The “Peace Line” is a series of walls separating the Loyalist (Protestant), and Nationalist (Catholic) communities in various parts of Belfast. Most visited is the longest wall dividing the Falls Road and Shankill Road in West Belfast.
Having now stood longer than the Berlin Wall, the walls have become a semi-permanent structure. Despite efforts to remove them, their significance as a visitor attraction may delay that ongoing process.
A major part of the appeal is the bright murals and graffiti that cover most sections. You’ll find murals on every subject from the Loyalist contribution to World War II, to street art calling attention to climate change.
Join an organized tour and you will have the benefit of having the history of “The Troubles” told by a local guide. They will also explain the differences between the murals belonging to each community.
Take to the Stage of the Grand Opera House
Opened in 1895, Belfast’s Grand Opera House is a splendid example of Victorian architecture. Its stage has hosted everyone from Charlie Chaplin to Luciano Pavarotti, and actor Liam Neeson on his stage debut.
Take a tour to find out more about what goes on behind the scenes. Visit a dressing room, where “May McFettridge”, an impersonator of Northern Ireland’s “Queen of Comedy”, will share a few acting tips, and plenty of showbiz gossip.
Then take to the stage to hear more about the other acts that have appeared here. You’ll find photos of many of them in the stalls foyer.
Architect Frank Matcham built many of Britain’s most famous theaters. This is perhaps his finest surviving example of one built in “Oriental” style.
The opera house was restored in 2021, at a cost of more than £12 million. Closed for many years in the 1970s, it now hosts musicals, drama, ballet, opera, and concerts.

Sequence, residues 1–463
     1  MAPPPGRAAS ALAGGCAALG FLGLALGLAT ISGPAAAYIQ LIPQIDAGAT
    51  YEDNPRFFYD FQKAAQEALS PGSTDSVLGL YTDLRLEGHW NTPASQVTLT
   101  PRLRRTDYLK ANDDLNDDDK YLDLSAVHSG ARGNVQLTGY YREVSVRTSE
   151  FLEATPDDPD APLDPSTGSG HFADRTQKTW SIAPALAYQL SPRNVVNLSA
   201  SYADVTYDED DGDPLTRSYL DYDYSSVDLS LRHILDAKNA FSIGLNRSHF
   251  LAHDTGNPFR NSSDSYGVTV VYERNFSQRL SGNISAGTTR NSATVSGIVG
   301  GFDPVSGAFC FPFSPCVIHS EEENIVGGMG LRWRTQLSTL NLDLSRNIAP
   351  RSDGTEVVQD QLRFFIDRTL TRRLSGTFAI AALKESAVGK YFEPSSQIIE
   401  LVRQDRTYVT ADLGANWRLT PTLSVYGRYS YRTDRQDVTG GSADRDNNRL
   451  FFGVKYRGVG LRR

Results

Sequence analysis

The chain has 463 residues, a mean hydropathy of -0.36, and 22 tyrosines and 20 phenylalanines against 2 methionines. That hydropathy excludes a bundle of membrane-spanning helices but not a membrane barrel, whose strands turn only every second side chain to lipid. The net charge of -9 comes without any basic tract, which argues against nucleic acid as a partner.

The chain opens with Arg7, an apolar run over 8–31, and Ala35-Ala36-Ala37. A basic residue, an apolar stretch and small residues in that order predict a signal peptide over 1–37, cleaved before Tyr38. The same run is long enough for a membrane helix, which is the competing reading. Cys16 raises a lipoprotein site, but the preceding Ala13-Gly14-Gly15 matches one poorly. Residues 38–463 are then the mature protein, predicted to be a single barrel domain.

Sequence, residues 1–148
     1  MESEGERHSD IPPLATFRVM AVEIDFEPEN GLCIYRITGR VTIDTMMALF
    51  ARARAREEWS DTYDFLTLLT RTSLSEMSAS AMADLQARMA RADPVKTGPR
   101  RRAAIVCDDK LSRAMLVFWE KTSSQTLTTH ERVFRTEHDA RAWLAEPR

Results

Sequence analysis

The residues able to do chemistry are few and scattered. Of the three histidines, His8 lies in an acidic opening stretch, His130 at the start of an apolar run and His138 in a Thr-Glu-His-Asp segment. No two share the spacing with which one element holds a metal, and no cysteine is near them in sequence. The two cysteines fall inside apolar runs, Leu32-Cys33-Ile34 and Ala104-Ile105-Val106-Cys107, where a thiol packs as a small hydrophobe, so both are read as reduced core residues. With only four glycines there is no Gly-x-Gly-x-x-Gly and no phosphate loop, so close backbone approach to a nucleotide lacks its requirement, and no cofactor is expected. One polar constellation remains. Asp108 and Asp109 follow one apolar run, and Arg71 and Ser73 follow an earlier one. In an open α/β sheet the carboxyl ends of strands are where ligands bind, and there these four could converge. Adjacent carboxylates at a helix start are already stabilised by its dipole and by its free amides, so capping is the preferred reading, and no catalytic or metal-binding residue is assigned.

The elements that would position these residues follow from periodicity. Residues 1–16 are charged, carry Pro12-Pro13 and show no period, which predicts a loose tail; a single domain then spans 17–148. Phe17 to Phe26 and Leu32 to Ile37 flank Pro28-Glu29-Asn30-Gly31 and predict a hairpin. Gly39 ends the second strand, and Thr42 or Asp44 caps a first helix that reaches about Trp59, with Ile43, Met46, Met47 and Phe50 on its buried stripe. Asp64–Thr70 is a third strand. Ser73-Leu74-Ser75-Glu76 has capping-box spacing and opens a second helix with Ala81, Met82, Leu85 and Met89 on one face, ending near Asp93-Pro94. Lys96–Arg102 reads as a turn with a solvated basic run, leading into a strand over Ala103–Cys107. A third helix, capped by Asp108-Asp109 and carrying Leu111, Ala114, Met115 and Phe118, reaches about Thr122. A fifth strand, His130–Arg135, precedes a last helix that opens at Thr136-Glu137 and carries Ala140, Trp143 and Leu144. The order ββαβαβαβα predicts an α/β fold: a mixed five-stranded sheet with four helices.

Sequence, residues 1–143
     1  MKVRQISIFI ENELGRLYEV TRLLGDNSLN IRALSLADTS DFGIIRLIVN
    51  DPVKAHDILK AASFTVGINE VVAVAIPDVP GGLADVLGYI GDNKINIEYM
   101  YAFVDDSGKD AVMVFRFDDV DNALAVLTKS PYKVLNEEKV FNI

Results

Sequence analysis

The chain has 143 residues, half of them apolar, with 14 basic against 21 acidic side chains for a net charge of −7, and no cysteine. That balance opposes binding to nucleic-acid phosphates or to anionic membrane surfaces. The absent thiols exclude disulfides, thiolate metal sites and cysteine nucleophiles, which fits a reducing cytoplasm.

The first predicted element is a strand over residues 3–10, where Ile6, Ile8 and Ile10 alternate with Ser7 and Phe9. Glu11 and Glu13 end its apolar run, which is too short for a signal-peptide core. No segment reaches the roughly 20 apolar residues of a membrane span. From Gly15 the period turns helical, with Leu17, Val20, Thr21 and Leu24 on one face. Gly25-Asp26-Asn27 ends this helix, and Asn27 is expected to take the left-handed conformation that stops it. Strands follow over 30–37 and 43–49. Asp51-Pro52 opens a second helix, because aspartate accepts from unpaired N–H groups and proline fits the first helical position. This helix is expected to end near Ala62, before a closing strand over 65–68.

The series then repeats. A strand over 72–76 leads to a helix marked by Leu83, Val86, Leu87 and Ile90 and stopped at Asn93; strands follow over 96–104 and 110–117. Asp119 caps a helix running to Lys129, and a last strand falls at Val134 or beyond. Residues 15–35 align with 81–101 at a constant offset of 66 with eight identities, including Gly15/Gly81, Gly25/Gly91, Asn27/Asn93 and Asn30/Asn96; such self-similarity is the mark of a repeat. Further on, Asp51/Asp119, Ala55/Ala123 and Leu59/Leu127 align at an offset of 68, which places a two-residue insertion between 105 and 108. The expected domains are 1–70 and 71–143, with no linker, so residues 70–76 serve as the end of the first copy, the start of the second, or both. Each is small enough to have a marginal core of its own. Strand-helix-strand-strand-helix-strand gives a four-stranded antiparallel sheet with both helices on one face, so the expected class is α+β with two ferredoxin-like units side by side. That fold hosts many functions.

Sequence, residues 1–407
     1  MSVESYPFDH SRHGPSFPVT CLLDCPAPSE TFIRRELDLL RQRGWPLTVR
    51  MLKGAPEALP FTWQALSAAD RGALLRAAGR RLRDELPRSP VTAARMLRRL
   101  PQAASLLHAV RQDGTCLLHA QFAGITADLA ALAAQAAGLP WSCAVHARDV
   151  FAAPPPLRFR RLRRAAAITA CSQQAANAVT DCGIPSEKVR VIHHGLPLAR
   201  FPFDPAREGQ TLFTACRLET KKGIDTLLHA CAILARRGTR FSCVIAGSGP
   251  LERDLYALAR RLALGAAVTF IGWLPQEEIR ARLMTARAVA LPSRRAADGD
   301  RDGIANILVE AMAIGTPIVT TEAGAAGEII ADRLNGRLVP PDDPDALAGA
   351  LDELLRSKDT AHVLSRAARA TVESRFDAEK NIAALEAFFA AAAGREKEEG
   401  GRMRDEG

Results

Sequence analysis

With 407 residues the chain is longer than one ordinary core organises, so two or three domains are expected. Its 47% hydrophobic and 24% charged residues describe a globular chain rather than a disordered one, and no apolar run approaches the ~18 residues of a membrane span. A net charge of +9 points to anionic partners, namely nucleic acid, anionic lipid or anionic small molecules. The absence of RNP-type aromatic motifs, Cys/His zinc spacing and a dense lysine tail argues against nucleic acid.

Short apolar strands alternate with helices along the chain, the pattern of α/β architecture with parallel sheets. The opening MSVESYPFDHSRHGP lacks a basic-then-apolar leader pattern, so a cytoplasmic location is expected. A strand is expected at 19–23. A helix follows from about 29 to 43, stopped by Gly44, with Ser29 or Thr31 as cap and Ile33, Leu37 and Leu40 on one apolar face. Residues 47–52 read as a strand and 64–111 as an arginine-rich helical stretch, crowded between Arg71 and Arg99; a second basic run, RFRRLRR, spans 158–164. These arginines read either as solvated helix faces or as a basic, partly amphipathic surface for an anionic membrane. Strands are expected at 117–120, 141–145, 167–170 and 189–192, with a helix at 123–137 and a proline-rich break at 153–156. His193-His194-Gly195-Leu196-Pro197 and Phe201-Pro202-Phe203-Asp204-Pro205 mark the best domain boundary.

Drink in a National Trust Pub
The National Trust is an organization responsible for conserving the heritage of England, Wales, and Northern Ireland. Normally, this consists of grand country manors, historic cathedrals or vast national parks.
In Belfast, however, it also looks after a remarkable pub. The Crown Liquor Saloon was built as a Victorian gin palace in 1826.
Lovingly restored to that original glory, the pub is now open daily—and still one of the best things to do in Belfast. You can take a drink in one of the ten cozy “snugs”, or stand at the granite-topped bar to admire the decor.
Details such as the ornate floor tiling, or gunmetal strikers for lighting matches will catch the eye. The bar’s gas lighting, stained-glass windows, and decorative ceiling are further delights.
Needless to say, the Crown Bar also serves one of the best pints of Guinness in Belfast. Almost next door is Robinson’s Saloon Bar, almost as colorful, and well worth visiting for its original Titanic memorabilia.
Relax in a Belfast Park
Belfast is a city of parks, and everyone has their favorite. Three of the most popular are Victoria Park, the Botanic Gardens, and Sir Thomas and Lady Dixon Park.
Victoria Park has a lovely lake, encircled by a walking track. That allows different views of the many birds, including swans, and herons, which are also attracted to the water.
Follow a poetry trail, laid out by local children, or admire the flower beds, and other displays. The park is near Titanic Belfast in the former dock area.
The Botanic Gardens are famous for the Victorian Palm House, and the deliciously warm Tropical Ravine. Between them, you’ll find unexpected species ranging from bananas and orchids to tree ferns, and birds of paradise plants.
Nearby is the Ulster Museum, which tells the history of Northern Ireland, from Bronze Age jewelry to treasures from a wreck of the Spanish Armada.
Sir Thomas and Lady Dixon Park in the south of the city is home to the International Rose Garden. Originally part of a family estate, the gardens cover more than 128 acres.
With rolling meadows and woodland, the gardens are as popular with wildlife as they are with people. There is also a Japanese-style garden, designed for quiet contemplation.